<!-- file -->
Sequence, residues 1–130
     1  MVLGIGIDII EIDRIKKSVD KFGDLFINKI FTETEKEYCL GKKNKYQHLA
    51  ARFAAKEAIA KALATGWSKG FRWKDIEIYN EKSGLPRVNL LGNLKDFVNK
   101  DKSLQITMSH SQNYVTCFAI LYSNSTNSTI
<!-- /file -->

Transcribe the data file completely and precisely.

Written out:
Sequence, residues 1–130
     1  MVLGIGIDII EIDRIKKSVD KFGDLFINKI FTETEKEYCL GKKNKYQHLA
    51  ARFAAKEAIA KALATGWSKG FRWKDIEIYN EKSGLPRVNL LGNLKDFVNK
   101  DKSLQITMSH SQNYVTCFAI LYSNSTNSTI